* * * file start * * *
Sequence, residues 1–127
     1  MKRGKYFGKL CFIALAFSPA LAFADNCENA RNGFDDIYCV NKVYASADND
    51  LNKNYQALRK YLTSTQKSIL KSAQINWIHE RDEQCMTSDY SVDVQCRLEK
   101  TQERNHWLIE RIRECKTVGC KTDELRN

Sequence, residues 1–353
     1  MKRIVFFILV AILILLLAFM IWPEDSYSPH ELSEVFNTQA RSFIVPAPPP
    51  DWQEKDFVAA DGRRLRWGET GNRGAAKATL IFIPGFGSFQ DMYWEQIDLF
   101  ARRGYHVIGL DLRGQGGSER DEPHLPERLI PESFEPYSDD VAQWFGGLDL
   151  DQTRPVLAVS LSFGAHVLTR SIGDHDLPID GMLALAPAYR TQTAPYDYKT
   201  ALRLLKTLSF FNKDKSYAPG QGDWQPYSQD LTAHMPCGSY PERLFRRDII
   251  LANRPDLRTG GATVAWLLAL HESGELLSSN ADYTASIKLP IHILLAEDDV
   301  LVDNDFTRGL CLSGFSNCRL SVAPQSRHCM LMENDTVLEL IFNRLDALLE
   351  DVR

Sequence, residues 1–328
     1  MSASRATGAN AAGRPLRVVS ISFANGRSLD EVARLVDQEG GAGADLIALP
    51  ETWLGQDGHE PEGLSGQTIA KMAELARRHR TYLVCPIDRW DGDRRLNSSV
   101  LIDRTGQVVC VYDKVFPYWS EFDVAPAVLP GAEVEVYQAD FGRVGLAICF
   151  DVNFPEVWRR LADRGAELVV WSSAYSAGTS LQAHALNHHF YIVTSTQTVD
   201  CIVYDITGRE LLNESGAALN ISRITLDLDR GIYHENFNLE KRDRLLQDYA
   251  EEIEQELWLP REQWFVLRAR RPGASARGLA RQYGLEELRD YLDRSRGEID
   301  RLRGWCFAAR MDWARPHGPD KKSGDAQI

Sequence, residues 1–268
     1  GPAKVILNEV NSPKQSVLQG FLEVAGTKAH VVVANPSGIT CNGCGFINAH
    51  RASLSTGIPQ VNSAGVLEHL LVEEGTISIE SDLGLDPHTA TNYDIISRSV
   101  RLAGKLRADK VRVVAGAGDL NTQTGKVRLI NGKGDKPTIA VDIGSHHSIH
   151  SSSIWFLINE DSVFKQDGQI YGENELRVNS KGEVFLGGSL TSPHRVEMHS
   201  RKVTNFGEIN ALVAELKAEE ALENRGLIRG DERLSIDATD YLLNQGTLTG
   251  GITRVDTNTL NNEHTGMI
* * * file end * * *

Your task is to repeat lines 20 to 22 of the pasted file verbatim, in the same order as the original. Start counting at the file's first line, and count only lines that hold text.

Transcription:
   251  EEIEQELWLP REQWFVLRAR RPGASARGLA RQYGLEELRD YLDRSRGEID
   301  RLRGWCFAAR MDWARPHGPD KKSGDAQI

Sequence, residues 1–268